Ainslie Caterer was closely associated with sport and education. He played football with Norwood and cricket for South Australia. He was the first graduate of the University of Adelaide, with a Bachelor of Arts degree in 1879, and went on to a long and distinguished teaching career at St Peter's College. Wartime disruptions saw him as acting headmaster between 1916 and 1920.
Ainslie was born at Woodville on 16 May 1858 and attended Norwood Grammar, the school run by his father, Thomas Caterer, who was Mayor of Kensington and Norwood from 1880 to 1882 and President of the Norwood Football Club in 1882.
Ainslie began his football career with the Kensington club, where he was a player and honorary secretary in 1870. He served the SA Football Association as chairman for two years from 1880 and then as a committeeman.
His career with Norwood was brief. He kicked a goal in the 8.15 to nil whitewash of South Park on 26 July 1884. Two weeks later, in boisterous weather at Kensington Oval, he marked the ball from a kick-off and kicked the goal which levelled the score with South Adelaide. A lucky Norwood goal in the dying minutes sealed a seemingly unlikely Norwood victory, 3.9 to 2.12.
Ainslie then served for two years as chairman of the Adelaide and Suburban Football Association and was awarded life membership in 1886. His main sporting interest, however, was cricket. He was a talented left-arm trundler with the old Kensingtons, who merged with Australs to form the Adelaide club. When the Australian team to tour England played SA at Adelaide Oval in 1884, Ainslie dismayed the crowd by bowling the popular Test captain Billy Murdoch first ball. In his one first-class game, SA defeated Victoria by 35 runs at the MCG in 1885. He was chairman of the SACA ground and finance committee and a proxy member of the Board of Control for International Cricket. He was elected a SACA life member in 1923.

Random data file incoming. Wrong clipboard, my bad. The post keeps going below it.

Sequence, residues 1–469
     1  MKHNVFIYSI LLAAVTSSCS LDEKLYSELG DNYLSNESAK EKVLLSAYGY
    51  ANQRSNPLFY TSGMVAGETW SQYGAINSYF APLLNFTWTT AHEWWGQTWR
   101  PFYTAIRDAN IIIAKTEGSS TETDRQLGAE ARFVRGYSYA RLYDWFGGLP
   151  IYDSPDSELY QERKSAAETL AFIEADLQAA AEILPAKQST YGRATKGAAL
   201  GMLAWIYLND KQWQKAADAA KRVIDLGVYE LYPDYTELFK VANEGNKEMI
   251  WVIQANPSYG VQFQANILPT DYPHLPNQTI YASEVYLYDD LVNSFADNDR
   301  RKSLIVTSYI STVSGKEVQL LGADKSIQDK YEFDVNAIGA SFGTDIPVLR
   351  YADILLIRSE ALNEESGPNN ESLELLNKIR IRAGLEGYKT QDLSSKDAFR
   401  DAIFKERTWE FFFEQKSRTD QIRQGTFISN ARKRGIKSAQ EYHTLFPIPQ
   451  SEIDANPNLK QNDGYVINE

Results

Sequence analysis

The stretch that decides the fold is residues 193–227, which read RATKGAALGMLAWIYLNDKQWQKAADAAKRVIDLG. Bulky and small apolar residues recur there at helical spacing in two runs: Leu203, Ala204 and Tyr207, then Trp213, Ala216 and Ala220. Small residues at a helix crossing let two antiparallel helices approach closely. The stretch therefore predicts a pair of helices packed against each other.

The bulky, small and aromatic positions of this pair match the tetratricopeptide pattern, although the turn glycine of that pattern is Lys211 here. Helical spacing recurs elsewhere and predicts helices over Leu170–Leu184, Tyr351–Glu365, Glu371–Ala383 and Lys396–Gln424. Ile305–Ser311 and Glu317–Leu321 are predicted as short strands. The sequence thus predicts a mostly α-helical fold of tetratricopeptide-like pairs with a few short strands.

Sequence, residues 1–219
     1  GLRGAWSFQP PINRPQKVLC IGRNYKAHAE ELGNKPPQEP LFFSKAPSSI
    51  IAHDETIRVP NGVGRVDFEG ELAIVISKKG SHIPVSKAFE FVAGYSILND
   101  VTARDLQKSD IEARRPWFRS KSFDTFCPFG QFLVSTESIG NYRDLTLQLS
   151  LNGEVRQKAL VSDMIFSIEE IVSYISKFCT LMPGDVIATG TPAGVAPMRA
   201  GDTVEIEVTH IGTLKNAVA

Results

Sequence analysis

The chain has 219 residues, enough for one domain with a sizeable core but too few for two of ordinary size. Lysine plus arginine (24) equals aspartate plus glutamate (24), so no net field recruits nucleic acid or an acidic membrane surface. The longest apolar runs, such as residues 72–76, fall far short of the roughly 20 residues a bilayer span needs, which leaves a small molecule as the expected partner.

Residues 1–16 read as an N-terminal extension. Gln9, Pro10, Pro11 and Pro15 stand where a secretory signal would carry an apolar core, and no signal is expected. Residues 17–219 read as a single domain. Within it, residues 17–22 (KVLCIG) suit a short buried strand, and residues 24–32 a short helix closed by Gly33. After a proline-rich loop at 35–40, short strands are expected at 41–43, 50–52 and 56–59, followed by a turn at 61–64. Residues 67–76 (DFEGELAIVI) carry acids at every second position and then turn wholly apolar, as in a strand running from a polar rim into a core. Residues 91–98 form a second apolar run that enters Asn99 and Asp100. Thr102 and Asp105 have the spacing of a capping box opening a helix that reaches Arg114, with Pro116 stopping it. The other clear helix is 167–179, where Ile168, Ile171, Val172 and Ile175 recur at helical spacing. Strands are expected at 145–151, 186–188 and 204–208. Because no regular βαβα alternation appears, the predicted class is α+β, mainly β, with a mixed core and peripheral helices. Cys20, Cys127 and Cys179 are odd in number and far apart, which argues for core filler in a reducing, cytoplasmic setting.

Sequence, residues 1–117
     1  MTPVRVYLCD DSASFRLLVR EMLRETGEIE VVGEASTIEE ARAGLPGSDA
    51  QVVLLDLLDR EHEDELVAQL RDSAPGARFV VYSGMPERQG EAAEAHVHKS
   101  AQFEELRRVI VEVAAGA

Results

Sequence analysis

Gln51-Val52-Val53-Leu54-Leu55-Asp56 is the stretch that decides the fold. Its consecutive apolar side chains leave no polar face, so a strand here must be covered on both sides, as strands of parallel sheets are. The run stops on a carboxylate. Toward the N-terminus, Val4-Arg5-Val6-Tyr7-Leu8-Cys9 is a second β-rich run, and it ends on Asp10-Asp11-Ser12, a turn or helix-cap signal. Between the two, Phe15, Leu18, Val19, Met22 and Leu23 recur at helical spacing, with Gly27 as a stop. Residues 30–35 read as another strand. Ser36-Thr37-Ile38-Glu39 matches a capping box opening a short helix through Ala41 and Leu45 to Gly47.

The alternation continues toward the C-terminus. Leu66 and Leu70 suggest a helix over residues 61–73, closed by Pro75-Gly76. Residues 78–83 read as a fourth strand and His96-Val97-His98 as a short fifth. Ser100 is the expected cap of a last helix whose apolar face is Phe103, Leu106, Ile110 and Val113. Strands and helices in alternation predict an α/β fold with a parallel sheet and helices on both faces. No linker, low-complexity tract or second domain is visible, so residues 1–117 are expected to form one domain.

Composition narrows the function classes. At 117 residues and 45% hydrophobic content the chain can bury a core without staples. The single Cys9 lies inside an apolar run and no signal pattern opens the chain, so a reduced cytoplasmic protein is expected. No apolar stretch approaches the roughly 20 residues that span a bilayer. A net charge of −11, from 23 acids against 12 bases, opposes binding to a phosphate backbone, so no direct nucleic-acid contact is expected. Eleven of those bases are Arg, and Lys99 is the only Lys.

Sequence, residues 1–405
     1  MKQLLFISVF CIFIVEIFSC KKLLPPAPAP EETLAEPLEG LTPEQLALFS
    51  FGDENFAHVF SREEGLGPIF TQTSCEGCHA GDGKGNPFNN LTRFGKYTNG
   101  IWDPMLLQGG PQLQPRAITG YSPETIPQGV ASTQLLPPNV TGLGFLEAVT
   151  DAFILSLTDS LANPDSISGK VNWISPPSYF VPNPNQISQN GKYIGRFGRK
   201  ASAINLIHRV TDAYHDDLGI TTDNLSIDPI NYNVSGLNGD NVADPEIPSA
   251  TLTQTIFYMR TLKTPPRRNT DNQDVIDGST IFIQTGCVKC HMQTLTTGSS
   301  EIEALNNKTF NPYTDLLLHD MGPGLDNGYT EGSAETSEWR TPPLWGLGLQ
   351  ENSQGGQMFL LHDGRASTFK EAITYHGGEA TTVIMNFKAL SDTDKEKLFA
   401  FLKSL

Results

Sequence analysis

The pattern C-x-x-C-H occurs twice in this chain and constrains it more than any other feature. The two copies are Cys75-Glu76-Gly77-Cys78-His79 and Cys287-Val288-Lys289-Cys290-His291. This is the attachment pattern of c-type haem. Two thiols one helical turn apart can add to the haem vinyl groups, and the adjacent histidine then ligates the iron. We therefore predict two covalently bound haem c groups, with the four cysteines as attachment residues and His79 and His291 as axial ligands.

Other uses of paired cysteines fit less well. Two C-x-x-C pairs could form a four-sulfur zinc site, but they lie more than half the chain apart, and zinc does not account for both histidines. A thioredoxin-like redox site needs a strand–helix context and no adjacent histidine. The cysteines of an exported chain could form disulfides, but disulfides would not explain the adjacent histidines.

In May 1921, ill health ended his 39-year active association with St Peter's College, where he was highly esteemed as "second master" and cricket coach but could go no higher because the school constitution stipulated that only a Church of England clergyman was eligible to be headmaster.
Ainslie also served the University of Adelaide Senate and Council. His hobbies were floriculture and breeding fancy fowls and turkeys. He was an honorary life member of the SA Poultry and Kennel Club. He married Amy Edmunds and on his death at Walkerville on 26 August 1924 was survived by daughters Colleen (Ringwood) and Brenda
P Robins June 2018